SEOUL: PASSENGERS begin boarding a South Korean high-speed train (called the KTX) minutes before it departs the Seoul station, bound south of the country to Daejeon, enroute to Busan.
Exactly on the dot of its scheduled 0930hours departure, KTX #123 rolls out as smooth as silk, guaranteeing passengers one hour of mesmerisation.
It took just one hour three minutes to reach Daejeon, South Korea’s fifth largest metropolis with a population of about two million. Located in the centre of the country, Daejeon serves as a hub of transportation and is at the crossroads of major routes.
The KTX, which made its debut in 2004, has changed a three-hour bumpy bus ride into just an hour’s trip. The only sound you hear at 280kph is the gentle whiz of electrical poles passing by. The almost complete lack of sound inside the train is attributed to the continuous welded rail construction.
Sitting in the first-class section of the KTX, I soon turn to my Samsung phone to browse the Internet, courtesy of the onboard WiFi. A cabin attendant passes by, pushing a trolley with steaming cupsof cappuccino.
You get bigger seats, more leg room, free snacks and a much quieter trip travelling in first class. South Koreans prefer a quiet time on board the KTX. If you need to make lengthy calls on your mobile phone, they will ask you to do so on the platforms between the coaches.
En route, you pass modern cities dotted with high-rise apartments, where most South Koreans live. The landscape soon changes, with rice fields and orchards dominating the sprawling valleys.
With the historical opening of the KTX line in April 2004, South Korea has joined the league of France, Japan,China,Germany,the United Kingdom and Spain in entering the super highspeed train era, operating at speeds of 300kph.
South Korea has referred the KTX as the biggest “national policy project” in the country’s history, changing the lives of its citizens by enabling them to reach anywhere in the country within a space of three hours.
It also has a huge influence on the country’s economy, social and cultural aspects. Fast, safe, convenient and environmentally friendly, the KTX is also a product of the latest South Korean technology and expertise.
And the country, which has a proven track record in building and developing HSR trains and related services, is now ready to export its trains and expertise to the world.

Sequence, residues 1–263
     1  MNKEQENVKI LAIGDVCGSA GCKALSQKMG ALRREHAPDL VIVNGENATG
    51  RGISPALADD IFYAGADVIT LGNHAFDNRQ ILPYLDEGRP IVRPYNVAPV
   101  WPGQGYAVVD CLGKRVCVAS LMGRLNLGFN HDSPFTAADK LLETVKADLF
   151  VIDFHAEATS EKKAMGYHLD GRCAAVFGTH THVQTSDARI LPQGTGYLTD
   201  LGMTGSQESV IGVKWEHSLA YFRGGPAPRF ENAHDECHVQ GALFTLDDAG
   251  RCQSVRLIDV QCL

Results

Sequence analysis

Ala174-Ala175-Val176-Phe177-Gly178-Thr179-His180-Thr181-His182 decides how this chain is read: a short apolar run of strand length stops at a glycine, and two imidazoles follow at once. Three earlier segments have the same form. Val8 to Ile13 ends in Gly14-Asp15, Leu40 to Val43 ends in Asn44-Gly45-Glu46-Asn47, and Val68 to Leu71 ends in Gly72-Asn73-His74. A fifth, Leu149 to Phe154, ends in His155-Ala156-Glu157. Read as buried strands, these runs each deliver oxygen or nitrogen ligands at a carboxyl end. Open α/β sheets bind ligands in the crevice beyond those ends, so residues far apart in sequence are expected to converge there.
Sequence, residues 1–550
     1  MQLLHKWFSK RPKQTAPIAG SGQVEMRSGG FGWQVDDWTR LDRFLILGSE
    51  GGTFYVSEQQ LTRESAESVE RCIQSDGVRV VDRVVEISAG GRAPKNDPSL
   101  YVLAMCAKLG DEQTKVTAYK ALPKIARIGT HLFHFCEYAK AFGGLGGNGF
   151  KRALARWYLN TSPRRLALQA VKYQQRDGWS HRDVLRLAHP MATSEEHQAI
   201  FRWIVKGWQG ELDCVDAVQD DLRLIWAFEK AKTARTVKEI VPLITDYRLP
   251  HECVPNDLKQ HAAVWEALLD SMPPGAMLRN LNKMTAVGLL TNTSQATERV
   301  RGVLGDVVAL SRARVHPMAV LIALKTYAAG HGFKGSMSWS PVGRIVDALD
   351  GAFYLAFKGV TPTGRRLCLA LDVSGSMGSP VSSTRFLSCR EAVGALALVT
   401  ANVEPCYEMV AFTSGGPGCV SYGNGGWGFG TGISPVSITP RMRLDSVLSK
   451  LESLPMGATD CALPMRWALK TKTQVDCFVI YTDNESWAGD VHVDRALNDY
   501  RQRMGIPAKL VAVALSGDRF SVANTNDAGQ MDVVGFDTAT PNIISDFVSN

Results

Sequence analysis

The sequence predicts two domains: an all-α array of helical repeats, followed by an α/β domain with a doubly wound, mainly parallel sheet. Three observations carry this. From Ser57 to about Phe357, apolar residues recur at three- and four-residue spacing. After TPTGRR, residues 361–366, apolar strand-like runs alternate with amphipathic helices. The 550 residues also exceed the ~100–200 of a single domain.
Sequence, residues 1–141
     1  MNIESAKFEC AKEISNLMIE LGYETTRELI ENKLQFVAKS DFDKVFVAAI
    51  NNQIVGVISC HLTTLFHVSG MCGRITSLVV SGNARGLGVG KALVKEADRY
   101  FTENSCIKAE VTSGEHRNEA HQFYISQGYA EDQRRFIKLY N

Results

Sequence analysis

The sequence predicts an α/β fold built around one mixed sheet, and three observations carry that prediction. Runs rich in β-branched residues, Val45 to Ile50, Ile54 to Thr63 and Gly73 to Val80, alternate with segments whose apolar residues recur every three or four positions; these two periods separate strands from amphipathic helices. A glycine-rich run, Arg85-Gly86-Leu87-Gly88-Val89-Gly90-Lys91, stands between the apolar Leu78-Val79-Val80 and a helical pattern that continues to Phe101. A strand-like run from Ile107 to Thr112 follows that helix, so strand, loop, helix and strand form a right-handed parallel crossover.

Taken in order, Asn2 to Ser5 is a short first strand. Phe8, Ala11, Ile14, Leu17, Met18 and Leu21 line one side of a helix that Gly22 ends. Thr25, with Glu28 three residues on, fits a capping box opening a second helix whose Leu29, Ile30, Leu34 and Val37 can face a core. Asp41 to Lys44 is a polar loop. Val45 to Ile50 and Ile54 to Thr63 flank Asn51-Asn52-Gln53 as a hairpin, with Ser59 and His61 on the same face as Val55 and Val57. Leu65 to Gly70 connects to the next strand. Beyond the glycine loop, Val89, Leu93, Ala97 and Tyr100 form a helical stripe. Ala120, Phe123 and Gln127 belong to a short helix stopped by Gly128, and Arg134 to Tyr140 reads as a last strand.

The proposed Malaysia-Singapore HSR project is high on the South Korean government agenda, according to South Korean Land, Infrastructure and Transport Minister Yoo Il-ho.
The South Korean government will form a consortium to bid for the project, he told the New Sunday Times here recently.
He says the consortium will comprise the Korea Rail Network Authority (KR), Korea Railroad Corp, Korea Land & Housing Corp and major South Korean construction companies. It is understood that Hyundai Rotem Company, the South Korean maker of HSR trains, will also be in the consortium.
Yoo says Malaysian and Singaporean companies will be invited to join the consortium by the end of this year.
“South Korea will take part in the (bidding) process. It can provide the most efficient model for the Malaysia-Singapore HSR link construction project and other matters, such as technology transfer and regional (property) development, will also be included,” the minister said.
“South Korea has developed its own technology and when you look at South Korea’s experience in 11 years of operating high-speed rail, it proves the excellence of South Korea’s HSR system.”
South Korea, with a population of 50.6 million, is further advanced technologically in many areas, particularly in electronics, cars and public transportation.
The whole country has nearly 5,000km of rail network, including 3,945km of regular railway and 701km of high-speed railway.
The Seoul Metropolitan Subway is one of the
most heavily used subway systems in the world, with more than eight million commuters daily. It is also one of the biggest subway systems worldwide, running 288km in length.
Daejeon, in central South Korea, is also the headquarters of KR, the owner and developer of the national railway networks.
KR chairman and chief executive officer Kang Yeong-il says although South Korea is rather late in expressing its interest, the country has a number of advantages compared with competing bidders China and Japan.
“We have 23 years of experience in HSR civil works, designing and manufacturing of rolling stocks. We have the technological capability now. We began with technology transfers from other countries and, in that process, we encountered many trials and errors.
“We now have the know-how in those areas. We can offer the know-how to make the (Malaysia-Singapore) project more viable.”